ness, what his own and the church's right, or with insufferable tyranny restrains all men from the enjoyment of any good which his judgment, though erroneous, thinks not fit to grant them; notwithstanding that the law and his coronal oath require his undeniable assent to what laws the parliament agree upon?
"He had rather wear a crown of thorns with our Saviour." Many would be all one with our Saviour, whom our Saviour will not know. They who govern ill those kingdoms which they had a right to, have to our Saviour's crown of thorns no right at all. Thorns they may find enow of their own gathering, and their own twisting; for thorns and snares, saith Solomon, are in the way of the froward: but to wear them as our Saviour wore them, is not given to them that suffer by their own demerits. Nor is a crown of gold his due, who cannot first wear a crown of lead; not only for the weight of that great office, but for the compliance which it ought to have with them who are to counsel him, which here he terms in scorn, "an imbased flexibleness to the various and oft contrary dictates of any factions," meaning his parliament for the question hath been all this while between them two. And to his parliament, though a numerous and choice assembly of whom the land thought wisest, he imputes, rather than to himself, "want of reason, neglect of the public, interest of parties, and particularity of private will and passion;" but with what modesty or likelihood of truth, it will be wearisome to repeat so often.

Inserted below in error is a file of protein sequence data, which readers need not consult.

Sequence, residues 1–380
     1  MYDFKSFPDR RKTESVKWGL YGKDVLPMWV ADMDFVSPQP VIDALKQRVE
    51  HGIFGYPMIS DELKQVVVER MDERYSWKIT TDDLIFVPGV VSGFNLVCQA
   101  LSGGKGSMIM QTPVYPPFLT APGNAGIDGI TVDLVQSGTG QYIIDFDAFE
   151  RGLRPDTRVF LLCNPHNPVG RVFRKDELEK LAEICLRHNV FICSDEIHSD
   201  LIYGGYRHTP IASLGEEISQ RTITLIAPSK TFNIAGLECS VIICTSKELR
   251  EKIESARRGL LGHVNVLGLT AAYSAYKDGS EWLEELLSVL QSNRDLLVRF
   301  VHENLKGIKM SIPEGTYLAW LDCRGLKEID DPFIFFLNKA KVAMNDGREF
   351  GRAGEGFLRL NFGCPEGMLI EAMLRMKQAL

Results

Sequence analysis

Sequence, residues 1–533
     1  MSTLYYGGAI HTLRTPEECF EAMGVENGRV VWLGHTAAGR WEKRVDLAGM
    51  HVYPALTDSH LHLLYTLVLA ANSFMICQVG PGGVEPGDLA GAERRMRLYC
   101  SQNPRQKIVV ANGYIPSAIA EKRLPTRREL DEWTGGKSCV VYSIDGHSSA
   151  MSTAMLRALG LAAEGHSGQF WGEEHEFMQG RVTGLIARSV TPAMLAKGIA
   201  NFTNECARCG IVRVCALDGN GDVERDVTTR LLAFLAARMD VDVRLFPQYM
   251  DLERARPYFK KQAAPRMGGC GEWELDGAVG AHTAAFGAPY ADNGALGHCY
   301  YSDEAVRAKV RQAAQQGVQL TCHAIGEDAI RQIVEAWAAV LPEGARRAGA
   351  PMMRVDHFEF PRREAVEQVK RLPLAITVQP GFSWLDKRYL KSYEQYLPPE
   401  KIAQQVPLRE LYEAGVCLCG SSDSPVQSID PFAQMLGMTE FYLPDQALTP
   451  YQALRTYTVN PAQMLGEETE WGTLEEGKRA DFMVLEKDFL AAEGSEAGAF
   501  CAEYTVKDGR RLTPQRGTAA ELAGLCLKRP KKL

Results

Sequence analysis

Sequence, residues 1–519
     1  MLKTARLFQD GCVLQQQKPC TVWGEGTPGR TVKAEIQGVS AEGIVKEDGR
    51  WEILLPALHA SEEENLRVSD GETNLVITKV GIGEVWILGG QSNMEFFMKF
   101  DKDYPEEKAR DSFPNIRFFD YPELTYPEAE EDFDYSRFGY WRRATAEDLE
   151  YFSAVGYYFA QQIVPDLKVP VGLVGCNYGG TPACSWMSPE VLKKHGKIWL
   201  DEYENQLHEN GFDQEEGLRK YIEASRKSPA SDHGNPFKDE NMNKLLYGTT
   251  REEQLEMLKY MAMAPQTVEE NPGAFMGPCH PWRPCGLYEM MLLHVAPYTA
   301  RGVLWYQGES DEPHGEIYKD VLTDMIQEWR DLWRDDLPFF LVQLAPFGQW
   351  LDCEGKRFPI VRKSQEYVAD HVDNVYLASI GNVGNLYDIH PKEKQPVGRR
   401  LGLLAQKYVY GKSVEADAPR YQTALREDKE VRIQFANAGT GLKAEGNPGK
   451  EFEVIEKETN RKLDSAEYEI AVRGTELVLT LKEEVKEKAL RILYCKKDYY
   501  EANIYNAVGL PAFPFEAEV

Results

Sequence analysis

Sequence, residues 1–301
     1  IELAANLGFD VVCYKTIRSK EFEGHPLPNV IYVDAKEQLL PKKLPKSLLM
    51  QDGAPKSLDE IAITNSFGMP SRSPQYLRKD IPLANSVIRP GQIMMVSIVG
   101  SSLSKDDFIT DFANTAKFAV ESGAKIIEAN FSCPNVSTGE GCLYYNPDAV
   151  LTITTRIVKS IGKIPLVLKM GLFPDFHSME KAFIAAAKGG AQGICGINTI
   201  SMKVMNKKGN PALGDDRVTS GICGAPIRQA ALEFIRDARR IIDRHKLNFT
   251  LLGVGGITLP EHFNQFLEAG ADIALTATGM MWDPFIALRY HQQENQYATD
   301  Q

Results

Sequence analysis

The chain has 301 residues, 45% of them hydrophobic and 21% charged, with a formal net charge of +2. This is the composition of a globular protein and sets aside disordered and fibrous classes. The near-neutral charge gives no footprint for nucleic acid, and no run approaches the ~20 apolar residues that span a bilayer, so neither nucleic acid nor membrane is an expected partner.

He concludes with a sentence fair in seeming, but fallacious. For if the conscience be ill edified, the resolution may more befit a foolish than a Christian king, to prefer a selfwilled conscience before a kingdom's good; especially in the denial of that, which law and his regal office by oath bids him grant to his parliament and whole kingdom rightfully demanding For we may observe him throughout the discourse to assert his negative power against the whole kingdom; now under the specious plea of his conscience and his reason, but heretofore in a louder note: "Without us, or against our consent, the votes of either or of both houses together, must not, cannot, shall not." (Declar. May 4, 1642.) With these and the like deceivable doctrines he leavens also his prayer.
Upon the Queen's Departure.